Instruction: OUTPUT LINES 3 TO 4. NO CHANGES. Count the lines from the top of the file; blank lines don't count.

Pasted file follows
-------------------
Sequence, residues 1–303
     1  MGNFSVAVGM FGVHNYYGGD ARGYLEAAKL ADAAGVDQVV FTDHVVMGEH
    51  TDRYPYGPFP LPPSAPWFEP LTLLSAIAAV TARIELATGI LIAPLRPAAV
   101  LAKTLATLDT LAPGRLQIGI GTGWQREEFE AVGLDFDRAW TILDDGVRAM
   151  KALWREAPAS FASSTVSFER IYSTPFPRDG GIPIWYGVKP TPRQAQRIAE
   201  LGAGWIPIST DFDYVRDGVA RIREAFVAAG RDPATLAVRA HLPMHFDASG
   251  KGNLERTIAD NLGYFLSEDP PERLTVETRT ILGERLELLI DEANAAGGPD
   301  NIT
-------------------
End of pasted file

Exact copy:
    51  TDRYPYGPFP LPPSAPWFEP LTLLSAIAAV TARIELATGI LIAPLRPAAV
   101  LAKTLATLDT LAPGRLQIGI GTGWQREEFE AVGLDFDRAW TILDDGVRAM